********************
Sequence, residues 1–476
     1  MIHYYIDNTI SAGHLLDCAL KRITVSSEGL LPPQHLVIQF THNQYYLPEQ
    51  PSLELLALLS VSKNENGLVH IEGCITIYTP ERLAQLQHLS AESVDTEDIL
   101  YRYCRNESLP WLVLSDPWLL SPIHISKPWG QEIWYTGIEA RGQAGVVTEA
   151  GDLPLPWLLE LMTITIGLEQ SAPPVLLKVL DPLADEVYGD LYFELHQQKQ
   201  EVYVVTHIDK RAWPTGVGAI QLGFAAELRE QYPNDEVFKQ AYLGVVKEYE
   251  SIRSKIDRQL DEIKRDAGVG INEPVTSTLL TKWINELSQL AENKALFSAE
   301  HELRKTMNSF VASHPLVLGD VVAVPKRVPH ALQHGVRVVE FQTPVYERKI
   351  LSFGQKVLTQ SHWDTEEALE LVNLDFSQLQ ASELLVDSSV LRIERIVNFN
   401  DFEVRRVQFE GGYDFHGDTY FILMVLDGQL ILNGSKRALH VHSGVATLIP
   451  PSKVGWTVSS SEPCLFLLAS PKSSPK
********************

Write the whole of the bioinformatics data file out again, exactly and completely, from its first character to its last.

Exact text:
Sequence, residues 1–476
     1  MIHYYIDNTI SAGHLLDCAL KRITVSSEGL LPPQHLVIQF THNQYYLPEQ
    51  PSLELLALLS VSKNENGLVH IEGCITIYTP ERLAQLQHLS AESVDTEDIL
   101  YRYCRNESLP WLVLSDPWLL SPIHISKPWG QEIWYTGIEA RGQAGVVTEA
   151  GDLPLPWLLE LMTITIGLEQ SAPPVLLKVL DPLADEVYGD LYFELHQQKQ
   201  EVYVVTHIDK RAWPTGVGAI QLGFAAELRE QYPNDEVFKQ AYLGVVKEYE
   251  SIRSKIDRQL DEIKRDAGVG INEPVTSTLL TKWINELSQL AENKALFSAE
   301  HELRKTMNSF VASHPLVLGD VVAVPKRVPH ALQHGVRVVE FQTPVYERKI
   351  LSFGQKVLTQ SHWDTEEALE LVNLDFSQLQ ASELLVDSSV LRIERIVNFN
   401  DFEVRRVQFE GGYDFHGDTY FILMVLDGQL ILNGSKRALH VHSGVATLIP
   451  PSKVGWTVSS SEPCLFLLAS PKSSPK